Takahiro Tamura passed away in 2006 at the age of 77, leaving behind a legacy as one of Japan's most beloved actors.
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Kei Sato (December 21, 1928 Aizuwakamatsu-May 2, 2010 Setagaya) a.k.a. Keinosuke Sato, Satō Kei, 佐藤慶 or Kei Satô was a Japanese actor and voice actor.
He was born in Aizuwakamatsu, Fukushima Prefecture, Japan. Sato was known for his versatile acting skills and appeared in over 100 films and television dramas throughout his career. He rose to prominence in the 1960s with his roles in films such as "The Human Condition" and "Pigs and Battleships". He also appeared in internationally acclaimed films such as "Kwaidan" and "Merry Christmas, Mr. Lawrence". In addition to his work in film, Sato was also a prolific voice actor, lending his voice to numerous anime and video game characters. He was awarded the Medal with Purple Ribbon in 1993 and the Order of the Rising Sun, 4th Class, Gold Rays with Rosette in 2010 for his contributions to Japan's entertainment industry.
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Tatsumi Hijikata (March 9, 1928 Akita-January 21, 1986) also known as Hijikata Tatsumi, 土方 巽 or Hijikata was a Japanese actor.
Sorry for the earlier mistake, Tatsumi Hijikata was not an actor but a prominent Japanese dance choreographer and founder of the dance form known as butoh.
Tatsumi Hijikata (March 9, 1928 Akita-January 21, 1986) also known as Hijikata Tatsumi, 土方 巽 was a celebrated Japanese dancer and choreographer. He is widely regarded as the founder of the experimental dance form known as butoh, which is characterized by its dark, surreal, and often grotesque style. Born in Akita, Japan, Hijikata moved to Tokyo in the 1950s, where he became involved in the city's avant-garde art scene. In the late 1950s, he began to develop his unique style of dance, which combined elements of traditional Japanese dance, modern dance, and improvisational techniques. In 1959, he founded the first butoh company, known as the "Ankoku Butoh-ha" (the "Dance of Utter Darkness" school), which went on to inspire many other artists around the world. Despite being diagnosed with cancer in the early 1980s, Hijikata continued to choreograph and perform until his death in 1986. His legacy as a pioneering dance artist continues to be celebrated today.
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Shōji Nakayama (February 26, 1928 Hongō-December 1, 1998) a.k.a. 中山 昭二, Nakayama Shōji, なかやま しょうじ, 中山 昭治 or Nakayama was a Japanese actor.
He began his acting career in 1949 and went on to appear in over 150 films and TV dramas over the course of his career. Nakayama was known for his versatility and range as an actor, playing a wide variety of roles from heroic protagonists to villainous antagonists. He was particularly famous for his roles in jidaigeki (historical dramas) and yakuza films. Some of his most notable performances were in films such as "Haikara-san ga Tooru" (1978), "The Ballad of Narayama" (1983), and "The Emperor's Naked Army Marches On" (1987). Nakayama received numerous awards and nominations throughout his career, including the Japan Academy Prize for Best Actor in 1984 for his role in "Dormitory of the Flesh" (1984). He passed away in 1998 at the age of 70.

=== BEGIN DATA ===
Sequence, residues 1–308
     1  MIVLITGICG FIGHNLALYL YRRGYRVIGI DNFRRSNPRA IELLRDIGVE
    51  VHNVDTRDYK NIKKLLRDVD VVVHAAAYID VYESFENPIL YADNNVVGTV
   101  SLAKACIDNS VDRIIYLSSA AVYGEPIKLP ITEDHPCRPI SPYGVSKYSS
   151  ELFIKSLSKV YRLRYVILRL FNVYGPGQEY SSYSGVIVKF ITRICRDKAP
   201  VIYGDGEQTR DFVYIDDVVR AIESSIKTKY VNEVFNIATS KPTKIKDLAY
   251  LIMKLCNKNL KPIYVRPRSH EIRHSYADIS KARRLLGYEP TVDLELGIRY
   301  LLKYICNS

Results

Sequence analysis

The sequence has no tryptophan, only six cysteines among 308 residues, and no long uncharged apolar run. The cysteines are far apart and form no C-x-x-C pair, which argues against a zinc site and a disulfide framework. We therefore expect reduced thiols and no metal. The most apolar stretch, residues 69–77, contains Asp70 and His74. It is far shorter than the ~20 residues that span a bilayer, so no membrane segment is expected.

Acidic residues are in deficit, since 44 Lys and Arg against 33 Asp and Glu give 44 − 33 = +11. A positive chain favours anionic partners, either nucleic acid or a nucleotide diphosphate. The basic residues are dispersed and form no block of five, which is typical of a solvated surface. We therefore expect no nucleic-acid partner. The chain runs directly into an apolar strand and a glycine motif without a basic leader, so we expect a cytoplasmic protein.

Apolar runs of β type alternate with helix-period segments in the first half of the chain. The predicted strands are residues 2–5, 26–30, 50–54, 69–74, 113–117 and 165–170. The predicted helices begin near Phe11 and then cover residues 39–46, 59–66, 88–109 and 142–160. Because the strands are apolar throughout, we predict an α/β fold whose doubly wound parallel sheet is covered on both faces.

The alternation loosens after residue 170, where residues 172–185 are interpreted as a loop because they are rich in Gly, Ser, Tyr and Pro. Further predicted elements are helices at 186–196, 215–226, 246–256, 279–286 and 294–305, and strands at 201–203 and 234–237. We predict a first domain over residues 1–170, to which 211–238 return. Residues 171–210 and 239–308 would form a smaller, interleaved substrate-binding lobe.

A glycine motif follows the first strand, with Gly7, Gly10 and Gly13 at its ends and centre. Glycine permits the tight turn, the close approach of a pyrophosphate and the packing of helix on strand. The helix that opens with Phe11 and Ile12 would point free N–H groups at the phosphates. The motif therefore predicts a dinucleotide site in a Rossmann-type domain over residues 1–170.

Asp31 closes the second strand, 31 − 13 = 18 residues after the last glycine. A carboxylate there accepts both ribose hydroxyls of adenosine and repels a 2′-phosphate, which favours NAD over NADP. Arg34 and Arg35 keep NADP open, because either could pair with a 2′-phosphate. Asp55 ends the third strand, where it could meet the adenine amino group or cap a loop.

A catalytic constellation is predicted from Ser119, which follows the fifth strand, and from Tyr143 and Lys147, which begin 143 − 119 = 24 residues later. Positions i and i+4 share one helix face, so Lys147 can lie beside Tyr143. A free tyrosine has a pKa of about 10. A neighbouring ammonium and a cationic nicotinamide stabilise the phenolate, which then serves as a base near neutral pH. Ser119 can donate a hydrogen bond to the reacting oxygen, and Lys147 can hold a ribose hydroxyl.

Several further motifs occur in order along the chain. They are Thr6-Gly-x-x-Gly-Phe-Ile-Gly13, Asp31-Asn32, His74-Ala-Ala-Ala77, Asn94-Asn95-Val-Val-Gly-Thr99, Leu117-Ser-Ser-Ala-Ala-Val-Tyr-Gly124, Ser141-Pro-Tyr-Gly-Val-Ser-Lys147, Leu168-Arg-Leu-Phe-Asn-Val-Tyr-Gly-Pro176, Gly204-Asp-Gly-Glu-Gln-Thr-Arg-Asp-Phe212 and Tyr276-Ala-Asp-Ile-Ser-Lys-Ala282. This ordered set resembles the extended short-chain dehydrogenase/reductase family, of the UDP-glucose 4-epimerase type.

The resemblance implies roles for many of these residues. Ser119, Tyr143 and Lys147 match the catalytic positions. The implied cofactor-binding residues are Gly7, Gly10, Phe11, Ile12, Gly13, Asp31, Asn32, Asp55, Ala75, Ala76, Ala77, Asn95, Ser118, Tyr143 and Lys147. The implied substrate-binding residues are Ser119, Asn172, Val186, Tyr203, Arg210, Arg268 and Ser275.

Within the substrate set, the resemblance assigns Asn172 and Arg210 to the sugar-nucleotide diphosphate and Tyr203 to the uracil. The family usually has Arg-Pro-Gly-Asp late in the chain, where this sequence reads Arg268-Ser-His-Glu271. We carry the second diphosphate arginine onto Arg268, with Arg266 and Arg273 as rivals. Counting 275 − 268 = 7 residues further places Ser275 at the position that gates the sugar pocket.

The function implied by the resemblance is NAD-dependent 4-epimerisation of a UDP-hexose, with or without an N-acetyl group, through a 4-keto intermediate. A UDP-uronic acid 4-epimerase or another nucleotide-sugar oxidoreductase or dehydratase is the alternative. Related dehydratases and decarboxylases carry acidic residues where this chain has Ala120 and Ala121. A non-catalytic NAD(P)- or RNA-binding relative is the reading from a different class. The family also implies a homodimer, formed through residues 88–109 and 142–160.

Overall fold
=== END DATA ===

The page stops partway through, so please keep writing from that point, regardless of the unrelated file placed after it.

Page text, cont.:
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Nakamura Shikan VII (April 11, 1928 Tokyo-October 10, 2011 Tokyo) a.k.a. Eijir o Nakamura, Nakamura Shikan, Eijirô Nakamura, Nakamura Kotarō IV, Nakamura Fukusuke IX, Narikomaya or Shikan Nakamura was a Japanese actor.
He was the seventh in the line of Nakamura Shikan, a renowned kabuki actor family. He made his stage debut at the age of 8 and had his official debut at the Kabukiza in Tokyo in 1940. Nakamura Shikan VII was known for his versatility and was recognized as a Living National Treasure in 1994. Apart from Kabuki, he also acted in movies and on television, winning several awards and accolades for his performances. Some of his notable film works include "Nihonjin no Shiranai Nihongo" (2010) and "Akagi" (1995). In addition to his acting career, he was also actively involved in promoting Kabuki overseas to new audiences. He was instrumental in organizing Kabuki performances outside Japan and conducting workshops to teach Kabuki to non-Japanese actors.